The ninth essay from Lucius Annaeus Seneca.
The work opens with Serenus asking Seneca for counsel, and this request for help takes the form of a medical consultation. Serenus explains that he feels agitated and in a state of unstable immobility, "As if I were on a boat that doesn't move forward and is tossed about." Seneca uses the dialogue to address an issue that cropped up many times in his life: the desire for a life of contemplation and the need for active political engagement. Seneca argues that the goal of a tranquil mind can be achieved by being flexible and seeking a middle way between the two extremes.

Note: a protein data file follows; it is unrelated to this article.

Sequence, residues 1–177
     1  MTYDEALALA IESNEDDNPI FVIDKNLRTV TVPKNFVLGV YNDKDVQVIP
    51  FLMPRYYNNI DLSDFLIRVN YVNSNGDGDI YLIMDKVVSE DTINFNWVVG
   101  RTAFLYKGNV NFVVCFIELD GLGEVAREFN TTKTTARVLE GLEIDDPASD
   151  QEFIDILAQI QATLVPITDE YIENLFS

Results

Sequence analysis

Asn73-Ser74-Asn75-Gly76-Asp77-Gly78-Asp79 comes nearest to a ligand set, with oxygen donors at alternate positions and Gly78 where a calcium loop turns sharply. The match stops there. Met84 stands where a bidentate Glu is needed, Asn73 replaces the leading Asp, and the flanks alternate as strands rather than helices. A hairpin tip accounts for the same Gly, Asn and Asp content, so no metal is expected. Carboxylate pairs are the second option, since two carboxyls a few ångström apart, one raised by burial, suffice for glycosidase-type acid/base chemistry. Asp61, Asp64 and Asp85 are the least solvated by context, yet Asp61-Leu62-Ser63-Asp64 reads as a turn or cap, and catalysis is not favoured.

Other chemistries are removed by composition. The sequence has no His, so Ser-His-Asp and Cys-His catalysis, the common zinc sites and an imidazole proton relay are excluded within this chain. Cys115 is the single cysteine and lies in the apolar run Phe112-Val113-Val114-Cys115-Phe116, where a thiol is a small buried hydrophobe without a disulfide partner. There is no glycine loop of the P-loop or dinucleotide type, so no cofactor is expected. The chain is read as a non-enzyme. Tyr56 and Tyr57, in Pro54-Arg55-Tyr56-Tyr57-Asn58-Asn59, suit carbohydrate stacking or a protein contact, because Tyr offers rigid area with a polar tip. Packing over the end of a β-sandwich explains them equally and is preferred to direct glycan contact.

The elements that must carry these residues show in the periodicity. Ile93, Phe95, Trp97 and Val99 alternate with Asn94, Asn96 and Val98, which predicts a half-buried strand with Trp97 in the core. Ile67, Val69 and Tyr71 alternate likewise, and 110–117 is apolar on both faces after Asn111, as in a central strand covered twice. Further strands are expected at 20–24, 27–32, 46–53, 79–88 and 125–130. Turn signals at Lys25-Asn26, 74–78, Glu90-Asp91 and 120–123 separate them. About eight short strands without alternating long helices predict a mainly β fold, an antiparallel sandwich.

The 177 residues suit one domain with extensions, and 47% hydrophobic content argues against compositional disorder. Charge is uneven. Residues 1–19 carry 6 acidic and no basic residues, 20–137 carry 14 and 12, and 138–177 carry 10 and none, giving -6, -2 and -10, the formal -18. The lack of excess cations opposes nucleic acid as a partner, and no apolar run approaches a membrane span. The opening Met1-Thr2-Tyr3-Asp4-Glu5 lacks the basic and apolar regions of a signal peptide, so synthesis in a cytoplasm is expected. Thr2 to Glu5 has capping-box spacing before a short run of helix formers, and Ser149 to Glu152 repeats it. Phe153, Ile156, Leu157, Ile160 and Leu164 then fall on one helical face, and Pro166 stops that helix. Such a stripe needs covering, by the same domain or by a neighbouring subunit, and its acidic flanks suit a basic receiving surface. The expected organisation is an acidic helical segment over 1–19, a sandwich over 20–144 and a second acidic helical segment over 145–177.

Translation by Aubrey Stewart and produced by Vox Stoica
Seneca's Essays Series:
1. Of providence—addressed to Lucilius
2. On the Firmness of the Wise Man—addressed to Serenus
3-5. Of Anger (Books 1-3)—addressed to his brother Novatus
6. Of Consolation—addressed to Marcia
7. Of a Happy Life—addressed to Gallio
8. Of Leisure—addressed to Serenus
9. Of Tranquillity of Mind—addressed to Serenus
10. On the Shortness of Life—addressed to Paulinus
11. Of Consolation—addressed to Polybius
12. Of Consolation—addressed to Helvia